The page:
It’s November and we are officially within the 8-month mark before Hannah and Ben’s wedding weekend next summer! With all the big planning pieces ticked off there’s time to focus on the fun stuff and, in my book, the wedding flowers and styling come top of that list! Today I’ve teamed up with Emma Soulsby of Ladybird Flowers to bring you all our floral and styling expertise in a piece about where to start with your wedding flowers.
First, let me introduce Emma. Emma is an experienced wedding florist (as well as being an all round lovely lady). Since starting her business 5 years ago she’s had her work featured across numerous wedding blogs and publications (Wedding Sparrow, Bridal Musings, Way out Wedding and our very own English Wedding Blog, to name but a few). For me, a fantastic florist is one half of any wedding styling partnership and I’ve had the pleasure to work with Emma on a number of occasions. Emma is also Hannah’s chosen florist for her wedding day! Last week we took a trip to London’s Covent Garden Flower Market to catch up on everything floral to bring you this post.
How Do I Pick A Florist?
When picking a florist both Emma and I agree– the most important thing to get right is that their style of floristry fits with yours.
What do we mean by this? Well, a little like any creative, florists all have their preferred style of design. Some love wild, loose arrangements and foraged pieces, others opt for bold, funky contemporary. You don’t need to get too complicated about it – the main thing to look for is do you like their portfolio of work? Emma is a big advocate of using Instagram accounts – “Florists regularly post current pictures of their work, probably much more than on their website, so you can see if you like the style and shape of the arrangements they have created. Also check out their Instagram stories. I regularly post stories, especially when I’m working on weddings so you can follow me behind the scenes and see all the work that goes into your wedding and how the set up of the wedding flowers work.”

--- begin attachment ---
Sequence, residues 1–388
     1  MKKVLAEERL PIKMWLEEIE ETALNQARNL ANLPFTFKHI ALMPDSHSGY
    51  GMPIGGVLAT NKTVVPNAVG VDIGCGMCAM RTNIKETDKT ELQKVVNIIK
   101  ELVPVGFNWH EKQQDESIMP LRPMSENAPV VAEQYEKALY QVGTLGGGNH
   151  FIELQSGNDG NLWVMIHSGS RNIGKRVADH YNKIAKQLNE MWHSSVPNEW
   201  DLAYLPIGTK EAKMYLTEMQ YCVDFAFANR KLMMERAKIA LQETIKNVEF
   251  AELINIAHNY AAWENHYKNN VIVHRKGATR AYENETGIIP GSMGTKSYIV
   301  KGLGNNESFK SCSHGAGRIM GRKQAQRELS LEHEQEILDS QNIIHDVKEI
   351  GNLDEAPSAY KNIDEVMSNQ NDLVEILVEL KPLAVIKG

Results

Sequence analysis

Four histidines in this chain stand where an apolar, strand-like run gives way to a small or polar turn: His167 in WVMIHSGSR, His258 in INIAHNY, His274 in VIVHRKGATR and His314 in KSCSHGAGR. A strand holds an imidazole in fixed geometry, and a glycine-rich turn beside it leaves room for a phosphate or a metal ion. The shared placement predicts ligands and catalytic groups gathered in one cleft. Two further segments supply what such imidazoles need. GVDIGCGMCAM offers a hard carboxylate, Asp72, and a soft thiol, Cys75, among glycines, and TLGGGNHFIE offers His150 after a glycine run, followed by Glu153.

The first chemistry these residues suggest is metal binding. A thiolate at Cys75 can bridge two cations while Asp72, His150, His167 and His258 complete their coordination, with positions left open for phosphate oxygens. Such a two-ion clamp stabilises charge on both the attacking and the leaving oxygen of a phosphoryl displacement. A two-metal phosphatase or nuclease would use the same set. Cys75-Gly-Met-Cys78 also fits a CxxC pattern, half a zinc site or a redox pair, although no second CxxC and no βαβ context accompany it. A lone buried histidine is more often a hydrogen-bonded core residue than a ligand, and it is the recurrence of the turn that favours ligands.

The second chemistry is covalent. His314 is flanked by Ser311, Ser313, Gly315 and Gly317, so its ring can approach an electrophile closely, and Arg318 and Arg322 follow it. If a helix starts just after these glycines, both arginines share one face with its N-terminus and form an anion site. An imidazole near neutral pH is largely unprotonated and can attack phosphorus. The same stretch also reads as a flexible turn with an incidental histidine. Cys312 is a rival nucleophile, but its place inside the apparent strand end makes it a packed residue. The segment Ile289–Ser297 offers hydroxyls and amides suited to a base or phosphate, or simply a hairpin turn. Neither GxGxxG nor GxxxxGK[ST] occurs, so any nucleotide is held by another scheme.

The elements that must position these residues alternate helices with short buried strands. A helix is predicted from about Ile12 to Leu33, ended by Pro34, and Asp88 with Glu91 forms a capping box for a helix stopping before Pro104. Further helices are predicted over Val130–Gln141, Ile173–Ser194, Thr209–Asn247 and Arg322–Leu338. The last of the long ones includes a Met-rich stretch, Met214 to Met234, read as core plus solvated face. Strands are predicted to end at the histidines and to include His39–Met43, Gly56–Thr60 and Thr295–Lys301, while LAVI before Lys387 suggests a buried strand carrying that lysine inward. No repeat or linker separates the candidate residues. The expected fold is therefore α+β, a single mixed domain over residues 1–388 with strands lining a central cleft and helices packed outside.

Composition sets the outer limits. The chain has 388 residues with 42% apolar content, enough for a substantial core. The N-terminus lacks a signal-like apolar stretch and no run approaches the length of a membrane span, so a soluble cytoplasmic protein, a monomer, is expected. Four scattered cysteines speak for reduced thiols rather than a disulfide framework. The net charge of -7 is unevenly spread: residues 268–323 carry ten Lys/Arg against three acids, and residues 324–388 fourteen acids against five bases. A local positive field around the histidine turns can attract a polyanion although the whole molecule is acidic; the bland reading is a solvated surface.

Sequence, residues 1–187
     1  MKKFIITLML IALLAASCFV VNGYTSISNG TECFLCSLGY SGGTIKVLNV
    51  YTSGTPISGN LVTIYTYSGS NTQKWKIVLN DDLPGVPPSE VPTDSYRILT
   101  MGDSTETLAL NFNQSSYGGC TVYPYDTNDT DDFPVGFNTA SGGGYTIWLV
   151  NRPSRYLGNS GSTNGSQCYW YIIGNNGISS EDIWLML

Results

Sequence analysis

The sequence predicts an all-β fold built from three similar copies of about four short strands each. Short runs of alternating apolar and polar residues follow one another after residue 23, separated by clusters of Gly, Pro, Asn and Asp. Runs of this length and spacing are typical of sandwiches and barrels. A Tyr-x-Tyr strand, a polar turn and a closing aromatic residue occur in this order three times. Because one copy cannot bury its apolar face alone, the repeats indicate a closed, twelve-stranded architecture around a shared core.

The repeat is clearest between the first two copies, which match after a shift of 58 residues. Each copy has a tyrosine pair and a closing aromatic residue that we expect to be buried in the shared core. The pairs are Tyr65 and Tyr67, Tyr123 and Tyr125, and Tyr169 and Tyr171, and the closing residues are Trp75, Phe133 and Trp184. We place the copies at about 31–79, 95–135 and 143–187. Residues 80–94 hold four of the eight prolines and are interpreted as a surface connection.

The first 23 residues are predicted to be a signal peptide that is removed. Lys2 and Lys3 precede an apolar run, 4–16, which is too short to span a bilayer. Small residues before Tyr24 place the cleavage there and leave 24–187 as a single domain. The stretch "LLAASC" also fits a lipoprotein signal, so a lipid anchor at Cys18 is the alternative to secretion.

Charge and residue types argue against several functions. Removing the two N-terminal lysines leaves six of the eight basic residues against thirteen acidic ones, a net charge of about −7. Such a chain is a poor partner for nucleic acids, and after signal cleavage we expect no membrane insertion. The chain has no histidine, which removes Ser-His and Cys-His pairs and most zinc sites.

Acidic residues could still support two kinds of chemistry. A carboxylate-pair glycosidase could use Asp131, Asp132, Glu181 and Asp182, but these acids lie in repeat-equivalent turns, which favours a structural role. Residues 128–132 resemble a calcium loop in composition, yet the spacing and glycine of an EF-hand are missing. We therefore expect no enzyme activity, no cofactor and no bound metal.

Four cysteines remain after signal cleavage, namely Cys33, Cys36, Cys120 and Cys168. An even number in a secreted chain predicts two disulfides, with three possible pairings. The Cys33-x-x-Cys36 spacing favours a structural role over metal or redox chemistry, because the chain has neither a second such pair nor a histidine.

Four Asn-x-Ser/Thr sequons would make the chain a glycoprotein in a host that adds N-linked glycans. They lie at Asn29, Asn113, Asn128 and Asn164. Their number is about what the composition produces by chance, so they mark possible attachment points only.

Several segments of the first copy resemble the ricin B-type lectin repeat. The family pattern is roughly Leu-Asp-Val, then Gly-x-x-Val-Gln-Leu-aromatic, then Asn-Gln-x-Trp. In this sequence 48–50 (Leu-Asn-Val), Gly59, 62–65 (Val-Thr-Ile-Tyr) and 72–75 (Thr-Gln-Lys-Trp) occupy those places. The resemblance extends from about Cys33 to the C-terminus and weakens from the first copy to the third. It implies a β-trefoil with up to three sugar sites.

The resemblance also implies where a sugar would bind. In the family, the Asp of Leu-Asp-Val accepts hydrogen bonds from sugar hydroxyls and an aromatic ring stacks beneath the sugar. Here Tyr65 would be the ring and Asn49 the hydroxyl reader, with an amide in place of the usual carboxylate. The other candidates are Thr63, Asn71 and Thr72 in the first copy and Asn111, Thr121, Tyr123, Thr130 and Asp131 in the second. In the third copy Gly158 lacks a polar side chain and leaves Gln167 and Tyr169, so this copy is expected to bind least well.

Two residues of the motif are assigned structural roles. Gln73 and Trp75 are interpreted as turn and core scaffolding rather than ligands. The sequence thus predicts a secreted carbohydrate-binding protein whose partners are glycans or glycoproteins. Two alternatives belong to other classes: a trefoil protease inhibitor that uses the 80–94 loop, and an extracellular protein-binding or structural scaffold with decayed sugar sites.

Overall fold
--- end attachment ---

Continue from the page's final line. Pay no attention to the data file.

Emma’s designs are creative, stylish with a relaxed natural feel: “I like looking at arrangements designed in a way that excites the eyes, with lots of textures, different heights, full of flowers and foliage.” As a wedding stylist it’s really important to me that I recommend a florist to my client who I know will work with their wedding. I’ll always start with the mood board that I design with my couples – this pulls together all the design elements visually – and from here I get a very clear idea of who I know will and wouldn’t work. The better the fit the better the result and, for Hannah’s wedding I knew Emma would be perfect.
When Should I Book My Florist?
In my experience, like anything, the good ones are in demand and get booked up in advance. Personally as soon as I’m at the point with my couples of having agreed the look of the wedding I suggest we book the florist (to our point above you kind of need to have this part sorted before you know the type of florist you’re looking for). Typically this is anywhere from 12 to 8 months out. Emma suggests “ideally about 9 to 12 months before your wedding” (aren’t we in tune?).
What Do I Need To Think About When Choosing Flowers For My Wedding?
Most couples want their wedding to reflect them as a couple and your wedding flowers are no exception. For Emma it’s important to get to know her couples at the beginning of the design stage: “I want to know their likes, dislikes, colours, venue, wedding style (is it a party, an intimate affair, romantic, edgy etc). I work with my clients to create arrangements and installations unique to them.” Any fabulous florist should guide you through the design process and it should feel like a fun, relaxed and enjoyable process, presenting flower choices and ideas that will work for you.
Having worked alongside many florists I’ve also picked up a few handy tips along the way but the top two have to be these…
Trust The Professional